MSVU Social Media Course Blog

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“Live the change you wish to see”

This week on PR 2.O, Brian Solis posted a paper he wrote about the impact of social media on PR practise as we know it: The State of PR, Marketing and Communications: You are the Future.

Though lengthy, this is a paper that is more than worth reading – its relevance to our futures in public relations can’t be argued.

The paper examines public relations in its current state,  including all of its shortcomings, malpractices and all of the stereotypes it has inherited over the years. Solis sums this up when he says (and please note I’ve bolded certain parts for impact):

Just ask any executive what comes to mind when you say “PR” and note the common misperception shared by many decision makers. The brutally honest responses, whether you agree or not, will represent more than we’d care to know or acknowledge. The assessments and responses will most likely span from “publicist” to “networker” to “press release” to some fallaciously degrading and sexist stereotypes of what PR people are, how they act, and what they look like. You’ll also summon war stories and bad experiences with PR people and agencies that unfortunately continue to reinforce the current state of PR crisis for the PR industry in general.

Social media offers our profession an opportunity to move away from malpractise and misconception, and a move toward transparency and genuine two-way communication… but this is easier said than done. To quote Solis again, “As long as PR agencies and consultants are profitable as is, why would they reinvent themselves?”

I witnessed this firsthand at my last work term at Harbinger, a successful PR/integrated marketing agency that handles clients such as Unilever (Dove, AXE, Hellmann’s, Breyers, Ben & Jerry’s) and Corby (Absolut, Malibu, Havana Club, Beefeater). During my term, the company did an offsite to a social media presentation. During the question period that followed the presentation, it was apparent that my colleagues were not entirely convinced – about whether or not companies would adopt this new vision, how we, as agencies, could quantify our results without traditional media impressions, etc, and why we should make the switch in the first place when most of our tranditional campaigns were perceived as “successful.” For many of my colleagues, who have made very successful careers (and large paycheques) from becoming “experts” at traditional PR, the resistance was especially noticeable.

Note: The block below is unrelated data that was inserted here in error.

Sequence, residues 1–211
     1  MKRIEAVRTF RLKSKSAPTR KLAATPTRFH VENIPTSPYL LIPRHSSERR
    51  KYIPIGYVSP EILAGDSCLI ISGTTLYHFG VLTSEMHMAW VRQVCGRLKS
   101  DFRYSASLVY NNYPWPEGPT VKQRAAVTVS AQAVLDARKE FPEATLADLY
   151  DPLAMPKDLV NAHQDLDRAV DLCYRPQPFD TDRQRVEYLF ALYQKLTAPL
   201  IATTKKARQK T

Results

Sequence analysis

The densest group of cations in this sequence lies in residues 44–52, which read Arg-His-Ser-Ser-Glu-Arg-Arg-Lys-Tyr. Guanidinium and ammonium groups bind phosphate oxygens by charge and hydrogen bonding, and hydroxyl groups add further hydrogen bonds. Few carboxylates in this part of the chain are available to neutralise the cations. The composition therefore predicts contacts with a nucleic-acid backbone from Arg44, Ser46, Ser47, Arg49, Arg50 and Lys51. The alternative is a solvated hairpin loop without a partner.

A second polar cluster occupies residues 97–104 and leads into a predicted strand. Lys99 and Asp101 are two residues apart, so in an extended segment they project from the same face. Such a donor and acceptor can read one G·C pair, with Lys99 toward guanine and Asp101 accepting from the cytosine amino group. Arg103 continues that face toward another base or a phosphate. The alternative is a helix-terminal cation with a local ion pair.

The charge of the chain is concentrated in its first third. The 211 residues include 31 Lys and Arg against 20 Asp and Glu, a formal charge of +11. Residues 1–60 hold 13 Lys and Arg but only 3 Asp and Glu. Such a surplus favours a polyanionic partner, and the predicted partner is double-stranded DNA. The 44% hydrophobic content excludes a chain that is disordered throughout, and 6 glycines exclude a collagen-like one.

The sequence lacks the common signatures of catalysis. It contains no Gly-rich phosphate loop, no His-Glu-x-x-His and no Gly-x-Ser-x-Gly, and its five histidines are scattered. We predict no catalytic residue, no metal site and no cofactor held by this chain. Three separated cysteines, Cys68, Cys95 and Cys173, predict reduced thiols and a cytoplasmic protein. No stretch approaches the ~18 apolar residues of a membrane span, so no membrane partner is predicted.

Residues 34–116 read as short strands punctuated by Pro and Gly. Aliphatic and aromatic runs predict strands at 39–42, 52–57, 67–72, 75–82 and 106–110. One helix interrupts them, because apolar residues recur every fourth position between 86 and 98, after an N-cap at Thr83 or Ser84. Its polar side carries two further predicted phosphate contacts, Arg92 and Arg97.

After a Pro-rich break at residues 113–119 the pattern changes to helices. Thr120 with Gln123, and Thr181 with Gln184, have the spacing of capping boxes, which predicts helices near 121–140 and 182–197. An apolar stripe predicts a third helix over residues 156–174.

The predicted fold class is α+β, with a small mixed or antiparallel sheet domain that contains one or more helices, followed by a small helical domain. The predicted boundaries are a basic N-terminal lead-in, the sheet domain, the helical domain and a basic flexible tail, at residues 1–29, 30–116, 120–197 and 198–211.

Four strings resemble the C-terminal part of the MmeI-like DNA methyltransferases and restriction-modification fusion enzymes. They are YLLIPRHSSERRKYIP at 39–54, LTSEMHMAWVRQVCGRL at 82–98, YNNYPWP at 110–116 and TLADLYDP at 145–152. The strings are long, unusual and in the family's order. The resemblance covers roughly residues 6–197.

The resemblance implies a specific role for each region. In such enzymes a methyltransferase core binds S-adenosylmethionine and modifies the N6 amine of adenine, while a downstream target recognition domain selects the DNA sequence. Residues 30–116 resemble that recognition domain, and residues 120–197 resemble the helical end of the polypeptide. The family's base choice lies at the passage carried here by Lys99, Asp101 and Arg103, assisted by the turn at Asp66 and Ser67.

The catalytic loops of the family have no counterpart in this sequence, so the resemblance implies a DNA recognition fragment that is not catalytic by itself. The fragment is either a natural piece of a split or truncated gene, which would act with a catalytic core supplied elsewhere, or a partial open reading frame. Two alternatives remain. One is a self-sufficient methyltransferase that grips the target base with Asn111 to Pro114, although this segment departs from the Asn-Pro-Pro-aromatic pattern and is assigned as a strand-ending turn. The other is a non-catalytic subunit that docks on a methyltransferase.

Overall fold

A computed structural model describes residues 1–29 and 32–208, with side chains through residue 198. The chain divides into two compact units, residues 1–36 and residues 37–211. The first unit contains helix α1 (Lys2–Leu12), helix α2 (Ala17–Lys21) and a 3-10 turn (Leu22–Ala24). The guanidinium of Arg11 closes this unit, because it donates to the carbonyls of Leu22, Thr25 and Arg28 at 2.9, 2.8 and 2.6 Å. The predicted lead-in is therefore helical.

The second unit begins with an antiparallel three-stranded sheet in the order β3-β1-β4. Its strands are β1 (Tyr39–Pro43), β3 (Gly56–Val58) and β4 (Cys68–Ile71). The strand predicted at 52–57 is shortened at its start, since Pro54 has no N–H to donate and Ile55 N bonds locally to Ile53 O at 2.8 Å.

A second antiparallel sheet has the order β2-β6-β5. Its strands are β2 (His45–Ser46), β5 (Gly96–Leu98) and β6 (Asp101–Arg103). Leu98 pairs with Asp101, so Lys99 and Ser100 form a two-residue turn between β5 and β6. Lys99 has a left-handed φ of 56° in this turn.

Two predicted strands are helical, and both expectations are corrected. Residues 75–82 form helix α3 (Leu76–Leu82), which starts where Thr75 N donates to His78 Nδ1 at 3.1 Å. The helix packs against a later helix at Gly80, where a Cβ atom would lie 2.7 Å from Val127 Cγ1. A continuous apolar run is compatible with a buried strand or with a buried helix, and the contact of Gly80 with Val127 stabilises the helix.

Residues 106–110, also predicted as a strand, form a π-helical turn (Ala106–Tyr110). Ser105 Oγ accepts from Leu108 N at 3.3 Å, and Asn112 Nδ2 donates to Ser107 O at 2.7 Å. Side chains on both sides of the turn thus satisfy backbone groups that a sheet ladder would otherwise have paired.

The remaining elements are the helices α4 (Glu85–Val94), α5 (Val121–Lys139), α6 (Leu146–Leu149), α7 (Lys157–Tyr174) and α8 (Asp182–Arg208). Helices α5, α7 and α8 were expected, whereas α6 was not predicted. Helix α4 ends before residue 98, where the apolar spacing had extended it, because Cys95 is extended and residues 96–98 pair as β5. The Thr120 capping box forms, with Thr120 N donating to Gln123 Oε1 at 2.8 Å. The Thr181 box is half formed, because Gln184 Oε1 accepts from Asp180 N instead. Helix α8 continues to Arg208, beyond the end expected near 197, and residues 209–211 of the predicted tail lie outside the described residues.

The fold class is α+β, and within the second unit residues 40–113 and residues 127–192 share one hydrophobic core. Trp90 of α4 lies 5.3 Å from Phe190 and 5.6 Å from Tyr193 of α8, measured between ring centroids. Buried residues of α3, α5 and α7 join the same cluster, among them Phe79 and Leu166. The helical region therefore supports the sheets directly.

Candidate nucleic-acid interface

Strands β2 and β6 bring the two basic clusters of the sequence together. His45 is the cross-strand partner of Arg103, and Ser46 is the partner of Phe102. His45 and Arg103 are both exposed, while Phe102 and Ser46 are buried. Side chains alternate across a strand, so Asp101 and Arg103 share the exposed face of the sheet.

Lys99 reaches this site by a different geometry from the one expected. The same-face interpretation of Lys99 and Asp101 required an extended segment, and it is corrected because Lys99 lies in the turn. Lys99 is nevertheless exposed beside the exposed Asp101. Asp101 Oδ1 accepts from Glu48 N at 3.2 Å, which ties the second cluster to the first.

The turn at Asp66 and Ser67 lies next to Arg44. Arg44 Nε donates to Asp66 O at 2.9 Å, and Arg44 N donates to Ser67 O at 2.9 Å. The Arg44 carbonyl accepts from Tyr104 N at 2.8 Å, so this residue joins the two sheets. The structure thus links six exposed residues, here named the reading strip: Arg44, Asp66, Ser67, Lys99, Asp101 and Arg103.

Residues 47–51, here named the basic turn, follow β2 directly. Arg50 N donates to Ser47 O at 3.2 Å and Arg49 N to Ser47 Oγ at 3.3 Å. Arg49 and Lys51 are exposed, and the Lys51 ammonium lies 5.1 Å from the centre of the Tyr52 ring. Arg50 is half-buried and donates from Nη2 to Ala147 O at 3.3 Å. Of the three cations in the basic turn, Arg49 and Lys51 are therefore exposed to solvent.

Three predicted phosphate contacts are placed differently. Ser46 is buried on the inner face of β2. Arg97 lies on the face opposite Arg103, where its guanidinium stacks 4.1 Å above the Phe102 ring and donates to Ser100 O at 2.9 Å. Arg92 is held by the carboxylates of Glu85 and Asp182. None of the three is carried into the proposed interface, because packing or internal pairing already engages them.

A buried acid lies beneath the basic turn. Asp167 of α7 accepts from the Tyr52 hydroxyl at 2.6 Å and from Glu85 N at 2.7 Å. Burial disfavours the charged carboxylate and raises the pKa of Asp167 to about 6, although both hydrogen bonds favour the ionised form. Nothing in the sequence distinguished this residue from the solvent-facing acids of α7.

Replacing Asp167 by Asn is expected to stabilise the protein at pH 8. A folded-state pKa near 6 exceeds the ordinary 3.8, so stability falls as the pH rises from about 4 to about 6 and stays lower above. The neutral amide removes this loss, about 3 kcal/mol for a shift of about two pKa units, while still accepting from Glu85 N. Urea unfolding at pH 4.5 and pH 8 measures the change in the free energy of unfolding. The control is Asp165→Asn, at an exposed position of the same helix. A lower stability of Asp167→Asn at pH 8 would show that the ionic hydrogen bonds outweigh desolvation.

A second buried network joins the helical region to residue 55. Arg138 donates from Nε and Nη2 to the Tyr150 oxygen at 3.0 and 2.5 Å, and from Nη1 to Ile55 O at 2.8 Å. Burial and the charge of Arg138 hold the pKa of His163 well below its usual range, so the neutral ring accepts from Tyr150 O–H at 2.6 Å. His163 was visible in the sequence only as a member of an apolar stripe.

We, as aspiring PR practitioners on the cusp of graduation with previous field-related experience, find ourselves in an interesting situation – a kind of crossroads, if you will, between the old and the new. In Solis’ paper, he discusses the idea that PR is a dying profession… and perhaps it is. Perhaps the “traditional” PR (which according to Solis has meant, “relying on hyperbole and jargon filled press releases for coverage, spamming targets with irrelevant information, maintaining a superficial and shallow knowledge of the products and industries we represent, and maintaining distant and removed relations with those we wish to cover our stories“) will die as our predecessors retire. This means we are faced with a choice: between ahering to traditional practices, or embracing the unknown and starting to make the shift now.This course has made me feel as though, already, I’m behind when it comes to social media, and in fact has been a bit of a wake up call. It has forced me to think critically about what my career in public relations will hold, and has made me personally accountable to my role in my own development as a professional.

 I think through social media, we are being given a chance to renew the face of public relations. I feel as though we will be able to put so many of the “best practises” that we learn in school to use (ie: ethics, two-way communication, transparency) with the transfer of power that is occuring as more of the public’s voice is being heard through new channels. I feel like it’s beginning to sound cliche, but perhaps we will see the “public” put back in “public relations.”

I find this invigorating, and maybe it’s just because I’m in the bubble that is this class, but I truly feel motivated to be part of this change in our profession. It may be challenging, but I think ultimately it will be worthwhile and rewarding – for any of you that were in Wade Kenney’s Ethics class, I feel like this shift to transparency, honesty and genuine communication will make the pursuit of “eudaimon” that much more attainable.

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June 9, 2009 - Posted by | Really Relevant Interesting Stuff, Review of Monitored Site

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